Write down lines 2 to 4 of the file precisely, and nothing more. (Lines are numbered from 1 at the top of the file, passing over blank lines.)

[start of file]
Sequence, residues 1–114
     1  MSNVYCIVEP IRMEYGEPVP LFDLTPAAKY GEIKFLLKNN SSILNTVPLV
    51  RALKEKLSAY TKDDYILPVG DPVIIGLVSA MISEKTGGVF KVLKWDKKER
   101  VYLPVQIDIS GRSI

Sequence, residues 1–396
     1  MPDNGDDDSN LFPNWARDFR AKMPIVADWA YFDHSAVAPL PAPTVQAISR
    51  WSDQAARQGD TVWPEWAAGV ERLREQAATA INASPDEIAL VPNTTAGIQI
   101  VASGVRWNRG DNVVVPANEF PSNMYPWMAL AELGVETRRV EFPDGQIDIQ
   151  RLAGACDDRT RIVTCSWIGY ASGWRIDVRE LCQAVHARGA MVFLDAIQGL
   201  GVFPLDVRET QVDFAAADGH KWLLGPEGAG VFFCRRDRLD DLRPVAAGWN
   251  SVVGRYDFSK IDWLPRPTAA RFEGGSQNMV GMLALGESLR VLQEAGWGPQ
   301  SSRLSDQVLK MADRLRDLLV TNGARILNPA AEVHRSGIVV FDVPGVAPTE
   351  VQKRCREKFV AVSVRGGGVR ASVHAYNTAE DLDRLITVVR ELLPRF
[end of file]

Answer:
     1  MSNVYCIVEP IRMEYGEPVP LFDLTPAAKY GEIKFLLKNN SSILNTVPLV
    51  RALKEKLSAY TKDDYILPVG DPVIIGLVSA MISEKTGGVF KVLKWDKKER
   101  VYLPVQIDIS GRSI